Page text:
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Little Sisters of the Poor Win at Supreme Court

little-sisters-of-poorToday the U.S. Supreme Court unanimously protected the Little Sisters of the Poor from draconian government fines and recognized that the government does not need the Little Sisters to provide services such as the week after pill. The Court also noted the government finally admitted it could indeed meet its goals without involving the Little Sisters.
In its decision, the Supreme Court held that after its unprecedented call for supplemental briefing that the lower courts should again review the cases.

“All we have ever wanted to do is serve the neediest among us as if they were Christ himself,” said Sister Loraine Marie Maguire, Mother Provincial for the Little Sisters of the Poor. “We look forward to serving the elderly poor for another 175 years to come.”

“This is a game-changer,” said Mark Rienzi, senior counsel at The Becket Fund for Religious Liberty. “The Court has accepted the government’s concession that it can get drugs to people without using the Little Sisters. The Court has eliminated all of the bad decisions from the lower courts. And the Court has forbidden the government from fining the Little Sisters even though they are refusing to bow to the government’s will. It is only a matter of time before the lower courts make this victory permanent.”

Less than a week after the Supreme Court heard the case of the Little Sisters of the Poor in March, the Court made an unprecedented move asking both sides to provide additional arguments about whether the government could find ways to distribute contraceptives without the involvement of religious non-profits and their health plans. The religious non-profits responded to the Supreme Court: “Yes.”

The government exempts 1 in 3 Americans from the HHS mandate. It also exempts large corporations such as Exxon, Visa and even the government’s own military family plan. A total of 100 million Americans are exempt from this regulation.

The Little Sisters’ win was also a win for other Becket clients, including Christian Brothers Services, Christian Brothers Employee Benefit Trust, Houston Baptist and East Texas Baptist Universities, Reaching Souls International, Truett-McConnell College, and GuideStone Financial Services of the Southern Baptist Convention. Other parties in this case include Geneva College, Southern Nazarene University, the Roman Catholic Archbishop of Washington, and the Most Reverend David A. Zubik. All of these clients also had the adverse decisions in their cases vacated and sent back to the lower courts.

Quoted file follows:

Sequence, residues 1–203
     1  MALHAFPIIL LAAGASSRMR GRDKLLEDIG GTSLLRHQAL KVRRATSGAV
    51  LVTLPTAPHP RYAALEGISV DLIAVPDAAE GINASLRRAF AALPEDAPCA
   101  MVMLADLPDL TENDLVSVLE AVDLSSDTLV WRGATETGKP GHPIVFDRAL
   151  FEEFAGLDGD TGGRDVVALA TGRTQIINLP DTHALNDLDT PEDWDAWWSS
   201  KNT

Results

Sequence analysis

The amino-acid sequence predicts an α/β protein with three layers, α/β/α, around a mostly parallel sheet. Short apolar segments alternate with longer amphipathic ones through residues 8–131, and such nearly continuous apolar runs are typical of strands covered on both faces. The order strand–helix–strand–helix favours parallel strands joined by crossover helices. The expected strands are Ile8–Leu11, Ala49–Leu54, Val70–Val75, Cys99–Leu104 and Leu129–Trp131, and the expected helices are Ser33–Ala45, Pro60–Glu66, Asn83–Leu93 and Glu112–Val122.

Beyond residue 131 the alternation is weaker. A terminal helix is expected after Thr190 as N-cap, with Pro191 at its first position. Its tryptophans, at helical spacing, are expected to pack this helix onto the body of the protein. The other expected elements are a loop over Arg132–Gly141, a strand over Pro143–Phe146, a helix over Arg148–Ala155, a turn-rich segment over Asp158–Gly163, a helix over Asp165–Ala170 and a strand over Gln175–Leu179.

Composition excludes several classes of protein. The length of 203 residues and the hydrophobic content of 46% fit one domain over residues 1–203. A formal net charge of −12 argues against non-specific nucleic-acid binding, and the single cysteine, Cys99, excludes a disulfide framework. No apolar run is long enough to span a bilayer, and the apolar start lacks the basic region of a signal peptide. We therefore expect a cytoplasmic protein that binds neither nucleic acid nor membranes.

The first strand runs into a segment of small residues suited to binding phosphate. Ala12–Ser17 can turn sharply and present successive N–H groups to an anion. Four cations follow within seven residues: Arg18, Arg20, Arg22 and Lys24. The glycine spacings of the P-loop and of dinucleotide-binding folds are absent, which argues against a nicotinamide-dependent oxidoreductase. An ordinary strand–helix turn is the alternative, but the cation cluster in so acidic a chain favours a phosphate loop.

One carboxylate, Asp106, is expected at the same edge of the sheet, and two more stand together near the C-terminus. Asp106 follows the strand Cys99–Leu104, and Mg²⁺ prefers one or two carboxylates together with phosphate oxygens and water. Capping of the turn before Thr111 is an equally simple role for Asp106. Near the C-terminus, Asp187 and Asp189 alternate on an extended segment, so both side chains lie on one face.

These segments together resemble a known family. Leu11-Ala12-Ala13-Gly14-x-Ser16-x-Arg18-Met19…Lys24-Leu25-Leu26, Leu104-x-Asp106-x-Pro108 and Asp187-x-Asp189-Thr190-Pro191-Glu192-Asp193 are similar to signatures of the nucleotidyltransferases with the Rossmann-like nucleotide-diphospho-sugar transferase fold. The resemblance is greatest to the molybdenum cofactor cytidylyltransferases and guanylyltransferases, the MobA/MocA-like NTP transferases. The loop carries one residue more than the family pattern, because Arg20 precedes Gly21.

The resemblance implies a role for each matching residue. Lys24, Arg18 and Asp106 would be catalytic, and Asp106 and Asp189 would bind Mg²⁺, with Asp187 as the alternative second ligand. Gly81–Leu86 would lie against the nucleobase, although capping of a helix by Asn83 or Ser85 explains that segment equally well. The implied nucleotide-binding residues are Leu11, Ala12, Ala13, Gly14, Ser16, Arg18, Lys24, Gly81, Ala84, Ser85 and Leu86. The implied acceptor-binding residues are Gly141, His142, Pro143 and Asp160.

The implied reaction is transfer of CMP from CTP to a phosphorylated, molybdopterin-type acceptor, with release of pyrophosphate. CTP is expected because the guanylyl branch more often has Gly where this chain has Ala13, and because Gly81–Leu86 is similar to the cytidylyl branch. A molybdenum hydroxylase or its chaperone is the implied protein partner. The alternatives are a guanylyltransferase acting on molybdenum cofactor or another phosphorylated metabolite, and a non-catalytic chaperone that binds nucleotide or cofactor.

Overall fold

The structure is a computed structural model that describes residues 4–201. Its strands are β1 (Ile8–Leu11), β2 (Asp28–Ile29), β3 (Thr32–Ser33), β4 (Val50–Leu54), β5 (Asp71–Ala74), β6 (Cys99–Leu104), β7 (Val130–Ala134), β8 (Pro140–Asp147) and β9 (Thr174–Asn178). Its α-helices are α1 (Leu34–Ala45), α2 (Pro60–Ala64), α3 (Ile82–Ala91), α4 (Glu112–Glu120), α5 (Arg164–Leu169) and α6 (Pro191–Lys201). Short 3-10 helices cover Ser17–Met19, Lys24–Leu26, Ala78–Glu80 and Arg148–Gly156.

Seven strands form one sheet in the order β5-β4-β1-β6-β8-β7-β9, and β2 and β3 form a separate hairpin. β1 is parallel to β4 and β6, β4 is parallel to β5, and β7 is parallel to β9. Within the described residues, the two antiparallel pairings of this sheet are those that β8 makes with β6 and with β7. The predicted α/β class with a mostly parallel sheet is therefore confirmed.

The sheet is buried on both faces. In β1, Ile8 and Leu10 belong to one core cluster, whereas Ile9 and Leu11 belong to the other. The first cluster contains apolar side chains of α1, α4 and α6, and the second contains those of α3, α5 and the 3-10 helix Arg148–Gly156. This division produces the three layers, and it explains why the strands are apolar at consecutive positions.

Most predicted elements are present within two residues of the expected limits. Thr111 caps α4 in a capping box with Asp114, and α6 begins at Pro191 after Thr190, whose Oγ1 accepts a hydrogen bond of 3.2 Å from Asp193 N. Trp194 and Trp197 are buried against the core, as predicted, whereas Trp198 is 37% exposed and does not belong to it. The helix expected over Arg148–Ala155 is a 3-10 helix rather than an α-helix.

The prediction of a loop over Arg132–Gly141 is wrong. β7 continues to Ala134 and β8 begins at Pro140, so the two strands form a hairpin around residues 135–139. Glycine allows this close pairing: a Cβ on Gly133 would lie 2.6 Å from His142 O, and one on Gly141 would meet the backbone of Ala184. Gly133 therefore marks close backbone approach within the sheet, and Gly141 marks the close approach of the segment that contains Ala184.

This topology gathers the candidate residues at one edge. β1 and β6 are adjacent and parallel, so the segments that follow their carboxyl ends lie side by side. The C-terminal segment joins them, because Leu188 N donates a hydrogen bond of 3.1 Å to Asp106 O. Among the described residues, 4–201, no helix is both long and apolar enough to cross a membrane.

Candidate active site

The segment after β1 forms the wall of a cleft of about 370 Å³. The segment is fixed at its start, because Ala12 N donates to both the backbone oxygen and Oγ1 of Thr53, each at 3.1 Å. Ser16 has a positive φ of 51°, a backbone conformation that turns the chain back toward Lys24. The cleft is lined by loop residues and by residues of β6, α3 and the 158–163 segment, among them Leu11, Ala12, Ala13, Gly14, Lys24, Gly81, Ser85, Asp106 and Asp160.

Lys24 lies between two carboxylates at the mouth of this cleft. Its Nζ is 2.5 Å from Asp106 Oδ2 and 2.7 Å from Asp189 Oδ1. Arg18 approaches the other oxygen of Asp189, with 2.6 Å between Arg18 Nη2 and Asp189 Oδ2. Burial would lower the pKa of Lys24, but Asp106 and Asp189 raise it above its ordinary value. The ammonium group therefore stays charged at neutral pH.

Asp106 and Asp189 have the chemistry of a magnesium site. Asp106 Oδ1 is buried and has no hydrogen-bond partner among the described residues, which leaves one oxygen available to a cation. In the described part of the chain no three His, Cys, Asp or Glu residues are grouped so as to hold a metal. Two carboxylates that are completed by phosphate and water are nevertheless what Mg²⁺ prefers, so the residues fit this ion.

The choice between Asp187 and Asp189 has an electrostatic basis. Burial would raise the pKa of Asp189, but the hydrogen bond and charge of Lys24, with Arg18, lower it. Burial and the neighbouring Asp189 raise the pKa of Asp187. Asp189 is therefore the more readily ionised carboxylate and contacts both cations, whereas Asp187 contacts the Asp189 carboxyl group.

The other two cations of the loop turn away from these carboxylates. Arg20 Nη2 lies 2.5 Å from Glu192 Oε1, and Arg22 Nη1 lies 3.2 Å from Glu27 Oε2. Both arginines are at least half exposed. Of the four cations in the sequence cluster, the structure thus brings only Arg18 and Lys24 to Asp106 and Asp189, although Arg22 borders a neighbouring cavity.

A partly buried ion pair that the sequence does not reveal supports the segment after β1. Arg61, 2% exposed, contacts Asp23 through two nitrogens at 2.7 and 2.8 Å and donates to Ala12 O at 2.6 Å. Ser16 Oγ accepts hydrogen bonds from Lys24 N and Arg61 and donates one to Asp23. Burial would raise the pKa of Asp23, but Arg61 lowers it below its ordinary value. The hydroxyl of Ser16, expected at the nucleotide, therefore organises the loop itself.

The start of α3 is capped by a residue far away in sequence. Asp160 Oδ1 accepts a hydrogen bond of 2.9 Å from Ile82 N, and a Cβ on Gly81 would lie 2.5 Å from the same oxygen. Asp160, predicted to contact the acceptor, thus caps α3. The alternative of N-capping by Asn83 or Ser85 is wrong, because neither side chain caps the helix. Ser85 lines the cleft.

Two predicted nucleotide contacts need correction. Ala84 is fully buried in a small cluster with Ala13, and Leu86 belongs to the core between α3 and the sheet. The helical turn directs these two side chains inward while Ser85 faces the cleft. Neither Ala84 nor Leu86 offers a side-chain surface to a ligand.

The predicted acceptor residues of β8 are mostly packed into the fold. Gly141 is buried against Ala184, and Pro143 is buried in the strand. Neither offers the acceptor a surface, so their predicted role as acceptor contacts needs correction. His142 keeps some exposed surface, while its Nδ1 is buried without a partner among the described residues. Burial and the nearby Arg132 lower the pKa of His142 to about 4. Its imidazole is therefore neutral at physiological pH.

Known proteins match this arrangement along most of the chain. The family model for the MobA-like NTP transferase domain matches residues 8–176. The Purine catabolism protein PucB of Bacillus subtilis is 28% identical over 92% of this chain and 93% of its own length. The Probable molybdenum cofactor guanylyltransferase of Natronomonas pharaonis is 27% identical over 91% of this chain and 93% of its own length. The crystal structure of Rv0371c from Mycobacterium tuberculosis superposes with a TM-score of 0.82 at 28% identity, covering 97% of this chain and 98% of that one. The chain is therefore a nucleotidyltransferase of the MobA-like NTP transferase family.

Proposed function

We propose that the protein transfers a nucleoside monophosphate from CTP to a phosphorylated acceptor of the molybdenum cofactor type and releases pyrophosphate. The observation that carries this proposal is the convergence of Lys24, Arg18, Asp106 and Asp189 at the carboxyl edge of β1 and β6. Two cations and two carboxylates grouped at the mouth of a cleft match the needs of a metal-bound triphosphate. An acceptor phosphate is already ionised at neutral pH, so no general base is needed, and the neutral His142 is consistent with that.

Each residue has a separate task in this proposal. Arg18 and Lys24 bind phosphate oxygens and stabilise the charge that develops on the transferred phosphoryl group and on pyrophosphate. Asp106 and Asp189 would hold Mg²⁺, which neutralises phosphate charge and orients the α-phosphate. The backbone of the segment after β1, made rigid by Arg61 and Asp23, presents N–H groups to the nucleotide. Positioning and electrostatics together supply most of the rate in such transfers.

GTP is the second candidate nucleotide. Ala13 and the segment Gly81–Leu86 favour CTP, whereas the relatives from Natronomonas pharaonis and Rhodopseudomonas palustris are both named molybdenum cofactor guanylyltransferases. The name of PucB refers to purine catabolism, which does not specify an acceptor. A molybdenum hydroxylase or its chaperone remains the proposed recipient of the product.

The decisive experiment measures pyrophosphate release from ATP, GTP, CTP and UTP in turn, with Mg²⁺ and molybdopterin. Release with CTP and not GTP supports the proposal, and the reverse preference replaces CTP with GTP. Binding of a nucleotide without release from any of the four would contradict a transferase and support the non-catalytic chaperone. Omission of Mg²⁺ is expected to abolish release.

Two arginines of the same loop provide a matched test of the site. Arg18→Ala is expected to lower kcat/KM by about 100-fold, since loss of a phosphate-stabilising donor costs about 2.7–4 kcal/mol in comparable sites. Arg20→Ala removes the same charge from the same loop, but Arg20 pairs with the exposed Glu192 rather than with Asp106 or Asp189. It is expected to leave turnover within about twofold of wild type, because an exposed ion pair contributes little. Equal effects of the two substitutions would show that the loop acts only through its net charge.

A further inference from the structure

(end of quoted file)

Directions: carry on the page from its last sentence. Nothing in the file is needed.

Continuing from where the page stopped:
Paul D. Clement of Bancroft, PLLC presented the oral argument before the U.S. Supreme Court. Noel J. Francisco of Jones Day also presented arguments on behalf of several other ministries. The Little Sisters of the Poor are represented by the Becket Fund for Religious Liberty, Locke Lord LLP, and Professor Kevin Walsh of the University of Richmond Law School.

For more information about the case, visit www.thelittlesistersofthepoor.com.


Courtesy of The Becket Fund.

Based in Washington, D.C., The Becket Fund for Religous Liberty is a non-profit, public-interest law firm dedicated to protecting the free expression of all religious traditions. The Becket Fund has a 15-year history of defending religious liberty for people of all faiths. Its clients have included Buddhists, Christians, Hindus, Jews, Muslims, Sikhs, Zoroastrians, and others. Its attorneys are recognized as experts in the field of church-state law.

 

For more information or to arrange an interview with one of the attorneys please contact Montserrat Alvarado at [email protected] or call 786.246.5385